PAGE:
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Recent Z Nightly Commentaries
Monbiot: Junk Science
May 16, 2005
For the past three weeks, a set of figures has been working a hole in my mind. On April 16th, New Scientist published a letter from the famous botanist David Bellamy. Many of the world's glaciers, he claimed, "are not shrinking but in fact are growing. ..
Majavu: Congo; A Story of â€œUnimportant Peopleâ€
Apr 27, 2005
In his book, â€œKing Leopoldâ€™s Ghostâ€, Adam Hochschild writes: â€œAt the time of the Congo controversy a hundred years ago, the idea of full human rights, political, social, and economic, was a profound threat to the established order of most countries on earth. It still is today.â€
Monbiot: Signal Your Opposition
Apr 24, 2005
A vote for a minor party could be the most powerful one you could cast.
Apr 23, 2005
The profits of major corporations went up by 20% in 2004 in Colombia. Banks broke profit records. The stock market index doubled. The concentration of lands after years of violence was consolidated.
Monbiot: Harassment Laws
Mar 20, 2005
It was the greatest legal victory against corporate power in living memory. Last week, two penniless activists, Dave Morris and Helen Steel, persuaded the European Court of Human Rights that Britain's libel laws, under which they had been sued by McDonald
Mokhiber: Eliot Spitzer and the 92nd Street Y
Mar 14, 2005
In the land of the blind, the one eyed man is king.
Monbiot: Mocking Our Dreams
Feb 25, 2005
It is now mid-February, and already I have sown eleven species of vegetable. I know, though the seed packets tell me otherwise, that they will flourish. Everything in this country - daffodils, primroses, almond trees, bumblebees, nesting birds - is a mont
Mokhiber: Self Interview: On The Rampage
Feb 24, 2005
Q: How did you come to write On the Rampage?
Mokhiber: Kennedy: Fascist America
Feb 05, 2005
Robert F. Kennedy, Jr. wants to run for Attorney General of New York State.
Monbiot: America's War with Itself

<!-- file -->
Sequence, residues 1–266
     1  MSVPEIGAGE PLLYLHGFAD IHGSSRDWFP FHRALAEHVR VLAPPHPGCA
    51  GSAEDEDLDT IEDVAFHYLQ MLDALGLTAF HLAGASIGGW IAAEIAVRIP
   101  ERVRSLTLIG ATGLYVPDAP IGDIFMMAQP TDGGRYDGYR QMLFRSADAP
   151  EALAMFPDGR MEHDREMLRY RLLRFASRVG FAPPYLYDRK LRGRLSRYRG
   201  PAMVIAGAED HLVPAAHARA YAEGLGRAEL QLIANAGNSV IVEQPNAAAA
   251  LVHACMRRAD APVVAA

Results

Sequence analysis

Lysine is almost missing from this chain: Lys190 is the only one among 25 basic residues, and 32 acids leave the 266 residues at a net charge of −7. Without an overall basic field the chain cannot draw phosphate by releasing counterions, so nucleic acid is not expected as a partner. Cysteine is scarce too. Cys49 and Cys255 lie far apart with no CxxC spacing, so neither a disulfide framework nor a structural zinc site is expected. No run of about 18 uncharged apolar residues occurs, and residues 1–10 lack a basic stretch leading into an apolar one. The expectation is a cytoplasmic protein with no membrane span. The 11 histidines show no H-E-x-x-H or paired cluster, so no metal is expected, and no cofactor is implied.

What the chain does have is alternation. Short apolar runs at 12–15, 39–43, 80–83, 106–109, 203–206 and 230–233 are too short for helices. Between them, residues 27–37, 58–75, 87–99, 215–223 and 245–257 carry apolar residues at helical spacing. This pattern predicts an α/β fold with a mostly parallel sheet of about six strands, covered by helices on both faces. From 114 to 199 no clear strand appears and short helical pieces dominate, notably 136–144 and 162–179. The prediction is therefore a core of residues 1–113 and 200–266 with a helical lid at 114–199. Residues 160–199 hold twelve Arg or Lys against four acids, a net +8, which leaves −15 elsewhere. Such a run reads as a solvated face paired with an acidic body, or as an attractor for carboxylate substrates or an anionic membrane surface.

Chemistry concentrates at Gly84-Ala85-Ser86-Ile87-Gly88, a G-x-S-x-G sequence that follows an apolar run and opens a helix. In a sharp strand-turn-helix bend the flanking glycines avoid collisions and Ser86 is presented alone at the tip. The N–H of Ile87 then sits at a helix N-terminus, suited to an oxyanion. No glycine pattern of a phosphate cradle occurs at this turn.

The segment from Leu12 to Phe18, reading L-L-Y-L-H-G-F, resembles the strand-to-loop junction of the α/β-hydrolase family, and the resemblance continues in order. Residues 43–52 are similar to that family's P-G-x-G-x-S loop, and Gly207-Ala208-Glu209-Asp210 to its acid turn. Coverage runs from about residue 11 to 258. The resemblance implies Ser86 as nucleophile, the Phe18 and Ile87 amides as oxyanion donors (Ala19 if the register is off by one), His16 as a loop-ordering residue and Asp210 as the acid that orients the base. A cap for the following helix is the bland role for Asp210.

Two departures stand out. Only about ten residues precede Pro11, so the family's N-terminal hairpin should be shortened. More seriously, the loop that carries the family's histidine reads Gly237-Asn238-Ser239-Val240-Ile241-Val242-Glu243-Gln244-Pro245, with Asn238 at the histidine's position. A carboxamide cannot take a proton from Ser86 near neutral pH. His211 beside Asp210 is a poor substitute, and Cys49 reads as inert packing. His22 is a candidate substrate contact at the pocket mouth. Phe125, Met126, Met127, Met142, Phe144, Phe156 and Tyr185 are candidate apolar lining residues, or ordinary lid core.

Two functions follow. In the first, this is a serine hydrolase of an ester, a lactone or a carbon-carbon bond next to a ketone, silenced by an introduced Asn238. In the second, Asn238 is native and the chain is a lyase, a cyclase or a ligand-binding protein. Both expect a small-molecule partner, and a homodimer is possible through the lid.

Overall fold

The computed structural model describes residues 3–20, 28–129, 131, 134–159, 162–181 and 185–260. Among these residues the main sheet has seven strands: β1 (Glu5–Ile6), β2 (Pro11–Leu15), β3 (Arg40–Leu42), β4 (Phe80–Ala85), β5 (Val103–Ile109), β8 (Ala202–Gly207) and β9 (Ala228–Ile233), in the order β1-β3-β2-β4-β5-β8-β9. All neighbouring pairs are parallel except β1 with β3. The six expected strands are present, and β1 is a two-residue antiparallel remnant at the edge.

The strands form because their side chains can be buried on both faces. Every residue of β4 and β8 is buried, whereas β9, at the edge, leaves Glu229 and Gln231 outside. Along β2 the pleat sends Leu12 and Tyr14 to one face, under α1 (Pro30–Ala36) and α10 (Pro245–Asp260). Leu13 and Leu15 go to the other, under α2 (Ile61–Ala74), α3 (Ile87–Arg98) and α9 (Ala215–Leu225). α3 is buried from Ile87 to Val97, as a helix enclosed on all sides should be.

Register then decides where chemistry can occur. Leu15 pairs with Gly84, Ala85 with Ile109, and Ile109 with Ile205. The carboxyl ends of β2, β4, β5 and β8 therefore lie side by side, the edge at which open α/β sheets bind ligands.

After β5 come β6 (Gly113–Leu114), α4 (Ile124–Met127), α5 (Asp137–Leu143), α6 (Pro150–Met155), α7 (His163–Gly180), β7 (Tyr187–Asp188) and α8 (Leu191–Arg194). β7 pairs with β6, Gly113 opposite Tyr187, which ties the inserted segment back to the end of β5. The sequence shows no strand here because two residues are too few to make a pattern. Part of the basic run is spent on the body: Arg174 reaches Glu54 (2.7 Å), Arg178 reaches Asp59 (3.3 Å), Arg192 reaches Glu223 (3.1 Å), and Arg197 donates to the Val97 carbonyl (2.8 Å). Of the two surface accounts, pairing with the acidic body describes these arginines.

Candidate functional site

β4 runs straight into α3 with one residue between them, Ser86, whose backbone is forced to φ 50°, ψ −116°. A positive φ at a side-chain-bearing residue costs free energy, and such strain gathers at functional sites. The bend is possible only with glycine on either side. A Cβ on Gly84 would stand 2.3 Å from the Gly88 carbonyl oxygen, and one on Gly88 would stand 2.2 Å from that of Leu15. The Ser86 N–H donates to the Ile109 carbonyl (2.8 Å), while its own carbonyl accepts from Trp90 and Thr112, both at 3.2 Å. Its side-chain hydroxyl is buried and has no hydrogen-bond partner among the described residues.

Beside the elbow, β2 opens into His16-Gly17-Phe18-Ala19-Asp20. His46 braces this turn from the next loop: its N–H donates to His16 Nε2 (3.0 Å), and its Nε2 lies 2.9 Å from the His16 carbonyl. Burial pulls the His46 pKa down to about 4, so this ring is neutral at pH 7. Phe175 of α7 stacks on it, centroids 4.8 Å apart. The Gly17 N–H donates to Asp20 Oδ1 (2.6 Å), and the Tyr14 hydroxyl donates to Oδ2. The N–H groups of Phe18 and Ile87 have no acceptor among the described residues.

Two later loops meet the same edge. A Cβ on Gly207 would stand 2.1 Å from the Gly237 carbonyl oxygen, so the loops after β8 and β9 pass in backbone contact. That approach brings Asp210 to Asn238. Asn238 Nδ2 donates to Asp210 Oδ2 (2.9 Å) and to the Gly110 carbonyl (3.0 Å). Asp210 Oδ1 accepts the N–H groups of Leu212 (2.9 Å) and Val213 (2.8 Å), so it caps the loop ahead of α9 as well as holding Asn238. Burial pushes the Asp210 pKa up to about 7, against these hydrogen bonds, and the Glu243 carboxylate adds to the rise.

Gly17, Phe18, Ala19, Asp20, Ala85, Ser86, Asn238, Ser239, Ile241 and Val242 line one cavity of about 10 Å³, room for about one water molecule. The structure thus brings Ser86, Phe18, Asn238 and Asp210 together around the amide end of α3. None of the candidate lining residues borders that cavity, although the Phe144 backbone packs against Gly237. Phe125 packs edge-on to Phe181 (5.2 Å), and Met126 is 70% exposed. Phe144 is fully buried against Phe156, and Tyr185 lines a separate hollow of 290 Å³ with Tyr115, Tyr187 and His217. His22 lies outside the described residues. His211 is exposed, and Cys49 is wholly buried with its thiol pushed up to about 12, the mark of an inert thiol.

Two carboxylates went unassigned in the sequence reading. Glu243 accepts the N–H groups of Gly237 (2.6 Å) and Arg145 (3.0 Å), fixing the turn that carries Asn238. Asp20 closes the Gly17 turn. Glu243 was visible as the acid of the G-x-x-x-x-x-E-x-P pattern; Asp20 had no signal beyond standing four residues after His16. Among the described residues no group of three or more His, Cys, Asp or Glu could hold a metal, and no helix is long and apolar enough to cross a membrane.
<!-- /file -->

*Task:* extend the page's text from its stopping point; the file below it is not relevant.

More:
Jan 13, 2005
I have a persistant mental image of US foreign policy, which haunts me even in my sleep. The vanguard of a vast army is marching around the globe, looking for its enemy. It sees a mass of troops in the distance, retreating from it. It opens fire, unaware
There has never been a moment like it on British television. The Vicar of Dibley, one of our gentler sitcoms, was bouncing along with its usual bonhomie on New Year's Day when it suddenly hit us with a scene from another world. Two young African children
Monbiot: Feeding Cars, Not People
Dec 12, 2004
If human beings were without sin, we would still live in an imperfect world. Adam Smith's notion that by pursuing his own interest a man "frequently promotes that of ... society more effectually than when he really intends to promote it" and Karl Marx's p
Mokhiber: Smedley Butler, Meet John Perkins
Dec 06, 2004
Remember Smedley Butler?
Monbiot: Religion of the Rich
Nov 29, 2004
"If Bush wins", the US writer Barbara Probst Solomon claimed just before the election, "fascism is possible in the United States."(1) Blind faith in a leader, she said, a conservative working class and the use of fear as a political weapon provide the nec
Mondragon: A Quick Visit
Nov 25, 2004
President Alvaro Uribe badly wanted to show Colombians his only recent success: Bush's re-election. But the US President had only three hours to visit the only supporter of his strategic project in South America.
Monbiot: The Paradox of Transition
Nov 06, 2004
There is one good reason for attending the Labour Party Conference. This is that it offers the last hope of unseating Tony Blair as Prime Minister. It won't happen through composite motions from the constituencies, or any of the other cumbersome and large
Mokhiber: Bobbleheads And Prop 64
Nov 03, 2004
Ralph Nader says that the greed of multinational corporations has no bounds.
Monbiot: Proliferation Treaty
Sep 29, 2004
Of course Iran wants the bomb, and the international system has given it everything it needs to build one.
Monbiot: A Thousand Dusty Codicils
Aug 25, 2004
If we have learnt anything over the past 18 months it is this: that the first rule of politics - power must never be trusted - still applies. The government will neither regulate itself nor be regulated by the institutions which surround it. Parliament ch
National Geographic Kids Under the Corporate Thumb